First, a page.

EDMONTON — A deeper understanding of the intertwining of nature and the supernatural can provide insights that will bring Catholics and Protestants closer together, says a Christian Reformed theologian from Vancouver.
“Nature is never strictly or purely natural,” said Dr. Hans Boersma, a systematic theologian at Regent College and author of several books on the Fathers of the Church. “God is always present, really present, sacramentally present with his gracious purposes within the natural world.”
Catholic theology prior to the Second Vatican Council, however, tended to draw a line separating supernatural, spiritual things, such as grace and the sacraments, from ordinary, everyday things, he said.
The issue of God’s real presence lies at the heart of many issues dividing Catholics and Protestants, said Boersma, who delivered the Anthony Jordan Lecture Series March 3 - 4. The series is sponsored by Newman Theological College and the Oblates of Mary Immaculate.
The question is whether real presence is inherent in the everyday world or whether it is added to the world by arbitrary divine actions.
According to Boersma, the Fathers of the Church, who wrote from the second through the mid-seventh centuries, saw nature as imbued with the presence of Christ while the followers of St. Thomas Aquinas (Thomists) saw grace and Christ’s presence as something added to nature.
Boersma’s talks gave an ecumenical perspective on real presence, examining how such presence has been understood in Scripture, the eucharist and the church.
Protestants can be challenged by talk of real presence and have a sense they are entering a different world, one “with a Catholic feel,” he said.
Catholics too can be unnerved when they enter the world of the early church and learn “the real presence that they find isn’t always what they thought it would be.”
Boersma focused one of his talks on the mid-20th century Catholic theologian Henri de Lubac, whose view that everything visible on earth is enmeshed with heavenly realities was highly influential at Vatican II.
De Lubac wrote mere decades after Pope Leo XIII had held up Thomistic theology and philosophy as the glory of the Catholic faith.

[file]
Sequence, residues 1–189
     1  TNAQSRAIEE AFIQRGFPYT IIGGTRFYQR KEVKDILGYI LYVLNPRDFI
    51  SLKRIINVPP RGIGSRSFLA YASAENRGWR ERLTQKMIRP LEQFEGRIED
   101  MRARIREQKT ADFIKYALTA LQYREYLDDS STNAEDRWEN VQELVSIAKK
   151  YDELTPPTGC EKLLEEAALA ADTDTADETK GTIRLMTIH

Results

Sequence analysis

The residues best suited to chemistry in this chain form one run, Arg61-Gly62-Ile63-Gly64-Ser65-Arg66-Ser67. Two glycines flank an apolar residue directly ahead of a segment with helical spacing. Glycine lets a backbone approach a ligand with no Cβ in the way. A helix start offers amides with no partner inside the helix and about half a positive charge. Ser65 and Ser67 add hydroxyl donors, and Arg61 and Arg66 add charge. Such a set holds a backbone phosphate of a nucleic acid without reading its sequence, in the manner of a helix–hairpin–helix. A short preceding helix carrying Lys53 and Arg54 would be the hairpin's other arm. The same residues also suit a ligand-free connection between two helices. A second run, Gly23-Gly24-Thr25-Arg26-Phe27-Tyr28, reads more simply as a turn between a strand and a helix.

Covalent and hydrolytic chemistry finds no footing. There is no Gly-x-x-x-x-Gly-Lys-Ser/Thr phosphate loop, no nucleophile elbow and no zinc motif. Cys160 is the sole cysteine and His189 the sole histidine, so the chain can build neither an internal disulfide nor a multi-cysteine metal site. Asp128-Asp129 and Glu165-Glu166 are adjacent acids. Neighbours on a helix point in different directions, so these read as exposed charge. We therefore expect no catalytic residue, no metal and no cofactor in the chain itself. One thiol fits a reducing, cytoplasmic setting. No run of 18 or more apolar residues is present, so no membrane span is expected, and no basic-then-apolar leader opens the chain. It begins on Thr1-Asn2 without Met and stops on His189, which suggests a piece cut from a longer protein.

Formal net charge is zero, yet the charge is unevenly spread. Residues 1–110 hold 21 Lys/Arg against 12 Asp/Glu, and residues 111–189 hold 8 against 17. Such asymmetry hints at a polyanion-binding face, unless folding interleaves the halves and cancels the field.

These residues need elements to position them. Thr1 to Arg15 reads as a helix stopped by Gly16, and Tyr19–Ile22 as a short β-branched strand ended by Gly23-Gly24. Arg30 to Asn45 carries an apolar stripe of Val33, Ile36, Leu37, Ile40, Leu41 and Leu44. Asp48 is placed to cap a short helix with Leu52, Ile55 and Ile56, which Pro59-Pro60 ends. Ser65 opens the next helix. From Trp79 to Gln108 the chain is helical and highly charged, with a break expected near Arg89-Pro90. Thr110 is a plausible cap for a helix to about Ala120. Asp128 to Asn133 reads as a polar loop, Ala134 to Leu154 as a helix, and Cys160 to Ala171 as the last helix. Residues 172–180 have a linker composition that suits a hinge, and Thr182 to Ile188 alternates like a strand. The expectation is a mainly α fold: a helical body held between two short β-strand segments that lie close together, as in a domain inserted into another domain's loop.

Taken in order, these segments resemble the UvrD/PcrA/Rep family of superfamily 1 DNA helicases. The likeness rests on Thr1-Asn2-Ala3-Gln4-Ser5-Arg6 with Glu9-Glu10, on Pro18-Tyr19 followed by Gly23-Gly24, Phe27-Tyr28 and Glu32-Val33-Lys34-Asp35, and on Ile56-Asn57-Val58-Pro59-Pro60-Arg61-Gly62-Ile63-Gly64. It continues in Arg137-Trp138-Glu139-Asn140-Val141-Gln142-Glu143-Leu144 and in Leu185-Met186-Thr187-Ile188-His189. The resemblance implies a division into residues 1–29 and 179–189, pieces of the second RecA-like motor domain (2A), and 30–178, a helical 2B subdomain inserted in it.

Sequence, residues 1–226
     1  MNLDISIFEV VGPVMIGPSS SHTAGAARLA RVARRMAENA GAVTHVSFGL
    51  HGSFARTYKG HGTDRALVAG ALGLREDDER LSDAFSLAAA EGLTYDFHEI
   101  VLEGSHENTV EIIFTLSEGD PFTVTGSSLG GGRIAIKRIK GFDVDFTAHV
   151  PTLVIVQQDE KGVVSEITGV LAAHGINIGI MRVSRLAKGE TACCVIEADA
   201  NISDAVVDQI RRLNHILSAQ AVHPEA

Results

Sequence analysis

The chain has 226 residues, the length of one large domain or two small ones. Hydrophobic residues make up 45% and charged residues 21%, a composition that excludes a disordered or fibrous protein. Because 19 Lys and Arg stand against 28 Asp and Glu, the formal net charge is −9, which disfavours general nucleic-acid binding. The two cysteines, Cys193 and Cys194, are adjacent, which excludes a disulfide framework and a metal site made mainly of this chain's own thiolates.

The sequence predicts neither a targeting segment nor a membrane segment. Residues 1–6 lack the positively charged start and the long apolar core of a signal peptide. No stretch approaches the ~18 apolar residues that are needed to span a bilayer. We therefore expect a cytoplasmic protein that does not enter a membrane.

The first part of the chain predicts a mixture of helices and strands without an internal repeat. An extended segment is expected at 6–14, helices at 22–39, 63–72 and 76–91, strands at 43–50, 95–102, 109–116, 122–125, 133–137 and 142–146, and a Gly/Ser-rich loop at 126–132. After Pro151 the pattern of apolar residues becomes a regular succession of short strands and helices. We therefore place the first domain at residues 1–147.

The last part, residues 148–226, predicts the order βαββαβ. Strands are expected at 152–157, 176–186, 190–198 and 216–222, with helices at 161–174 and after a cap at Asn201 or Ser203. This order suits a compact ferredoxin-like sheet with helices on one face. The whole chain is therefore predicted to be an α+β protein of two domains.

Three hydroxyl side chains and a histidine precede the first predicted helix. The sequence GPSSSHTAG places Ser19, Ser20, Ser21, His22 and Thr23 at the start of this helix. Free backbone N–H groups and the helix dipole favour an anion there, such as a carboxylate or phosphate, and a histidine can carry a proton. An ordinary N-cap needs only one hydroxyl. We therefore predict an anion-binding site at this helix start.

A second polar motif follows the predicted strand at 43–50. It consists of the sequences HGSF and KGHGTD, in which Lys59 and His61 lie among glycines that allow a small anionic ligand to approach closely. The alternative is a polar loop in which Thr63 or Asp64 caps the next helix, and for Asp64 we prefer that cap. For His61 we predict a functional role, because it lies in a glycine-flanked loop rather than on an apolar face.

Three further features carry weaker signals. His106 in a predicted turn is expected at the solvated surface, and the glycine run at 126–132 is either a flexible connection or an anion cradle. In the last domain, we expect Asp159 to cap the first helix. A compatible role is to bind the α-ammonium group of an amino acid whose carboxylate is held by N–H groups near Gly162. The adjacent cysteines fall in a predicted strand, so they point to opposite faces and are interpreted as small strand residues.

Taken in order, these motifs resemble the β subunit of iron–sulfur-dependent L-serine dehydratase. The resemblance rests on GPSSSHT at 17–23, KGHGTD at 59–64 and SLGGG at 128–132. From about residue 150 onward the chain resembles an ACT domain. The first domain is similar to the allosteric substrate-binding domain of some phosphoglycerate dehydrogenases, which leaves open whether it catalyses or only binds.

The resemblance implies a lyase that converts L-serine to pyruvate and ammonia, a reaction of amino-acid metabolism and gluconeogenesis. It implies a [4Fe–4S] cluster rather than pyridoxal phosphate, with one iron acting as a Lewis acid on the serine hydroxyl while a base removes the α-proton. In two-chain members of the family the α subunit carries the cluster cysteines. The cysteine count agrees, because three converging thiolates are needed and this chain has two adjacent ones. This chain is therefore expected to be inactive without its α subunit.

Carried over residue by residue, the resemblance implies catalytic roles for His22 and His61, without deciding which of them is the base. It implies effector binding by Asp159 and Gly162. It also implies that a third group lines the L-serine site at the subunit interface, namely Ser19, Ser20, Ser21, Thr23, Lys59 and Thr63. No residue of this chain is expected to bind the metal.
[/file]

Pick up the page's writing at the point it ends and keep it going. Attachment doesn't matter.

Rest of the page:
Aquinas’ 20th-century disciples held to a strict separation between grace and nature, Boersma said. Grace was understood as extrinsic to nature until God “super-added” it.
De Lubac, however, went to the Church Fathers and found a different understanding. While the neo-Thomists spoke of transubstantiation in the eucharist — that the bread and wine are transformed into Christ’s body and blood — the greatest of the Church Fathers, St. Augustine, “says something rather different.”
For Augustine, those who receive Christ’s body in the eucharist are transformed into the Body of Christ, the church. “He says, ‘You become the Body of Christ; you become what you eat.’ ”
The symbols function as sacramentum, which “point to and share in a reality much greater than themselves.”
In contrast, Boersma said, for the neo-Thomists the symbol does not just participate in supernatural reality, but is totally identified with it. The eucharist is “an arbitrary, supernatural intervention from above” and is unconnected with the reality of the church.
Augustine reflected on 1 Corinthians 10.17 — “Because there is one bread, we who are many are one body, for we all partake of the one bread” — and maintained that through the eucharistic body, the Holy Spirit forms us into the body of the church.
De Lubac understood this to mean that the eucharist makes the church, Boersma said. “The goal of the celebration of a sacrament is the unity or communion of the church.”
In the 11th and 12th centuries, this was turned around and the eucharist began to be seen as the real body and the church as the mystical body.
De Lubac, Boersma said, longed for the days when the eucharist was seen as pointing away from itself to the Body of Christ, the church.
“It seems to me that both Protestants and Catholics do well to listen carefully to de Lubac,” said the Vancouver theologian. De Lubac sought a middle path between the Protestants’ complete separation of symbols and reality and the neo-Thomist Catholics’ strict unification of sign and reality.
The Church Fathers, in de Lubac’s view, had an approach in which, nature and the supernatural, historical and spiritual interpretations of the Bible, sacrament and reality “were intertwined in a way that regularly eludes us in the modern period,” Boersma said.